2. As gospel preachers, we are EXPECTED to "endure hardness, as a good soldier of Jesus Christ" (2 Tim. 2:3). Did you not consider this as one of the qualities demanded of you by Jesus Christ? How often have you, fellow-preacher, taught your brethren that to follow Jesus one must deny himself and carry his cross? Have you ever reminded the flock that service is not a matter of convenience but rather one of sacrifice? Can we think that the Lord expects less from us than we teach our brethren He expects of them?

The examples of gospel preachers in the New Testament are not ones of ease and comfort, of gain and glory in the material sense. Paul faced perils from Jews and Gentiles alike. He faced "perils among false brethren" (2 Cor. 11:26). Yet he possessed no supernatural strength, even though he was inspired. "Who is weak' and I am not weak? Who is offended, and I burn not" (vs. 29)? He keenly felt the cruel blows of persecution. He was beaten, stoned, imprisoned, maligned, ridiculed. He felt loneliness, hunger, pain and thirst. His own brethren falsely accused him. He also knew what it meant to face strife, heresies, divisions, false doctrines, false teachers, and works of the flesh in the church. We have no greater problems today than he had in his day. But he was able to say, "Persecutions, afflictions which came unto mewhat persecutions I ENDURED" (2 Tim. 3:11).

Does it then surprise you; does it startle you, that as a gospel preacher, you are expected to endure some inconveniences? Are you not willing to suffer the loss of all things "that I may win Christ"?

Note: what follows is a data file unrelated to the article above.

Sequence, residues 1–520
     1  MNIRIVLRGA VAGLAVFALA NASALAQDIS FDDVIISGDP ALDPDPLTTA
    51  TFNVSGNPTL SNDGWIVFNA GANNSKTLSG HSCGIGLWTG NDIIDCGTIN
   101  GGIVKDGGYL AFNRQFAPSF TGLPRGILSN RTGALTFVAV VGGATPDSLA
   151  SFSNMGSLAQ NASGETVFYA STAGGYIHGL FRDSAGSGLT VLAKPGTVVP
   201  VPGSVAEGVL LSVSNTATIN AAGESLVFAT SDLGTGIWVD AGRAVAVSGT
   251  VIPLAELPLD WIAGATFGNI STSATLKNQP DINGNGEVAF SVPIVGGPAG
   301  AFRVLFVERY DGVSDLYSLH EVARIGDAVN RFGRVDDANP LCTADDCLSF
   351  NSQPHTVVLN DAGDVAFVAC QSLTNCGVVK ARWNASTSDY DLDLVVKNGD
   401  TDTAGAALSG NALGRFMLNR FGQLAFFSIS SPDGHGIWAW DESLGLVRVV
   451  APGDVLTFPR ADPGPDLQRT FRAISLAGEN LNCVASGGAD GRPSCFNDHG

One characteristic of Paul that helped him to "endure hardness as a good soldier" was that he placed all confidence in the Lord and not in the flesh. While he endured all physical, mental and spiritual hardships, he could sing praises to God at midnight though his body was racked with pain and though he was "fast in the stocks." Though his life was in constant peril, he enjoyed the consolation and comfort of heart that the Lord gave him (2 Thess. 1:16-17). " . . . The peace of God that passeth all understanding" kept his heart and mind through Jesus (Phil. 4:7). That is why he could say, "for I have learned in whatsoever state I am, therewith to be content" (vs. 11). My brother, this is a quality that must be learned; it must be developed and cultivated. Only thus can spiritual strength and faith be yours to continue in your God-given task. One needs to cultivate patience, as did Paul (2 Tim. 3:10), for lack of this is the major cause of frustrations that beset many gospel preachers.

3. You are the ONLY means God has and employs to carry the gospel of salvation to lost and dying souls. He does not commission angels to preach to man; the Holy Spirit does not operate directly on the heart of the individual. "It pleased God by the foolishness of preaching to save them that believe" (I Cor. 1:21). "And how shall they believe in him of whom they have not heard? And how shall they hear without a preacher" (Rom. 10:14)? Thus, if you quit, you are failing not only God, but also men and women who depend on your efforts as a gospel preacher.

I cannot, dear preaching brother, appeal to you by means of material riches, worldly rank and recognition. But I sincerely appeal to your faith in and love for Him who made the supreme sacrifice so that man can have the most priceless gift  eternal salvation of his soul, and that by the gospel that has been entrusted to you to preach. Can you really be "tempted to add to the preacher shortage" after considering all this? May God give you strength to carry on your work.

TRUTH MAGAZINE X: 8, pp. 11-12 May 1966